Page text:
My family instilled in me at an early age the importance of schooling, and education plays a crucial role in the relationship between our two countries.  Indians account for the second-largest group of foreign students in the United States, with over 102,000 students studying in America in 2013-14.  At the same time, a growing number of Americans are choosing to study abroad in India, with over 4,000 students annually making the same journey to India as Isabella Thoburn – albeit in much less time.  These students come to India to learn about innovation and technology, history and culture.  These are lessons they take back with them to the United States, thereby enriching our educational communities.

The Fulbright-Nehru exchange program is another route through which we are building connections, and the Fulbright program has strong ties to IT College.  The first Executive Director of the Fulbright Commission in India was Olive Reddick, who taught economics here in Lucknow in the 1920s and 30s.  Ms. Thoburn’s own grandniece, also named Isabella Thoburn, directed the Fulbright program in India from 1954-57.  Since 1950, nearly 10,000 Fulbright scholars have traveled between our countries, with a vast array of research interests, ranging from cutting-edge solar technology to traditional Indian music.  These educational exchange programs help our people learn from and about each other, building the long-lasting cultural bridges that transcend geographic divides.

Whether it be through the thousands who have participated in exchanges or the growing and active Indian-American community, it is our people who are at the heart of our strategic relationship.  The Indian diaspora in the United States stands at over three million and growing, and includes leaders in the fields of science, education, the arts, and government.  Just last week, Sundar Pichai, originally of Chennai, was named CEO of Google, one of the world’s technology giants.  He is just one of countless examples of Indians who have contributed so much to American society.  Every day, Americans and Indians work side by side, in both countries, on health development, human rights, science and technology, and space cooperation.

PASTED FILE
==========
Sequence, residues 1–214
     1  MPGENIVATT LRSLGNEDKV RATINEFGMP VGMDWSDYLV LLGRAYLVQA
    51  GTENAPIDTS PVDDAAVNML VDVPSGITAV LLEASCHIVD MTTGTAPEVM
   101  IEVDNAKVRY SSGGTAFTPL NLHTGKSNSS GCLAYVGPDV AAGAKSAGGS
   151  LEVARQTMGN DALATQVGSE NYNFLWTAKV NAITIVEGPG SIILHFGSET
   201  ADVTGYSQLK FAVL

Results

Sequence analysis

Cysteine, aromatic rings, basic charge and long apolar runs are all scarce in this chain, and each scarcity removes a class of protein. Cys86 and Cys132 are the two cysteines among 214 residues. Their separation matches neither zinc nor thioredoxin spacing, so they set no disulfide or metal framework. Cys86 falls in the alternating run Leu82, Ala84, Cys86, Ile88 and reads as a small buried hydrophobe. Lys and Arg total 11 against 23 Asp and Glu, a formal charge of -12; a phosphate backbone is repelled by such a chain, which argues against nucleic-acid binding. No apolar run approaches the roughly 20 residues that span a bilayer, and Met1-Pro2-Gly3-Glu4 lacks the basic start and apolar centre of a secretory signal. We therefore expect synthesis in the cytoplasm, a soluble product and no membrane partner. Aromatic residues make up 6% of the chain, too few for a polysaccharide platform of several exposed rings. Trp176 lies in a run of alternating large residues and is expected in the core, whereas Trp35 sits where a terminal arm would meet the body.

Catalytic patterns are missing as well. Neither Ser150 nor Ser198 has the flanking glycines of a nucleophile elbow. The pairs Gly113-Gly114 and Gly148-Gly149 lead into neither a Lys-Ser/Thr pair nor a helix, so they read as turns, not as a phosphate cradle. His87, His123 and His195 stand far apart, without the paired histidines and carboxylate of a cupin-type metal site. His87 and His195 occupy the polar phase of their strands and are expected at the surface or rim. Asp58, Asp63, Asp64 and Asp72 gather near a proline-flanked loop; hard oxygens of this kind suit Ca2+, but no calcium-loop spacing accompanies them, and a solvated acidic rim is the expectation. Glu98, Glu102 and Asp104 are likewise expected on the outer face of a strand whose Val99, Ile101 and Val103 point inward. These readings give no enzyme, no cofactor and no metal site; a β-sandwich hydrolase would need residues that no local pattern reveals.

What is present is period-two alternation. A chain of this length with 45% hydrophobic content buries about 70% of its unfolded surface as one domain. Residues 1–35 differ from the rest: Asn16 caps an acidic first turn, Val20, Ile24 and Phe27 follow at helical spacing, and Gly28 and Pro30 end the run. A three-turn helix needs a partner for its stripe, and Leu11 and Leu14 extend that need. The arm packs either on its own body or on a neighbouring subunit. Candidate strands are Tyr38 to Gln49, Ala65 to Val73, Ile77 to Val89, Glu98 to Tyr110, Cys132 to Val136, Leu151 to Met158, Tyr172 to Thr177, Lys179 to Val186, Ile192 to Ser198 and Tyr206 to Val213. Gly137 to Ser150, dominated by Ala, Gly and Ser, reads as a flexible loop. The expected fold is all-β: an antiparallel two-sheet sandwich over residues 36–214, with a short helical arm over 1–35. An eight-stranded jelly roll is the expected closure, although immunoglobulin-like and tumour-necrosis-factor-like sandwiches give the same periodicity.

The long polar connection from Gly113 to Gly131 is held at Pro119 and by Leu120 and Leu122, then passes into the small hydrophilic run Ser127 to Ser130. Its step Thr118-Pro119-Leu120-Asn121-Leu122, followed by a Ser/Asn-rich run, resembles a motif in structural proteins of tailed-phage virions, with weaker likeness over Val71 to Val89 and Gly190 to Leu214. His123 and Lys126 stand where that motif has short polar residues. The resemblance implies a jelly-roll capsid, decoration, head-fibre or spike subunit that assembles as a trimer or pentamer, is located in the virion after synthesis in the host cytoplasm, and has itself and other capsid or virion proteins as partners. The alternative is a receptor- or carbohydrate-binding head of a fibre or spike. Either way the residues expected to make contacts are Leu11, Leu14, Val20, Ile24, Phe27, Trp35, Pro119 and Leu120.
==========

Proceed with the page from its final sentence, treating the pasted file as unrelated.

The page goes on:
These personal connections have brought our countries closer together in ways governments alone cannot achieve.  I speak to Americans and Indians everyday who make a difference to our countries, and I have met more here today.  Before coming here to speak to you, I toured the American Corner.  It has many good resources and I recommend it to you as a tool to discover more about the United States.  The Embassy has also partnered with IT College and the University of Lucknow on its groundbreaking American Studies curriculum.  This multi-disciplinary certificate and diploma course is the only American Studies curriculum developed by Indian scholars from across the country, in collaboration with American experts.  In this way, IT College really is a leader in promoting a deeper understanding of American history, society, and culture, right here in Lucknow.

In closing, let me echo the words of Prime Minister Modi, who said it is too limiting to ask what the U.S. and India can do for each other – the real test is seeing what we can do for the world.  The truth is we are stronger together, and this is particularly true when we promote educational opportunities that bridge geographic and gender divides.  The women of Isabella Thoburn College are the future leaders of an India on the rise.  I look forward to seeing where you will take us.  Thank you very much.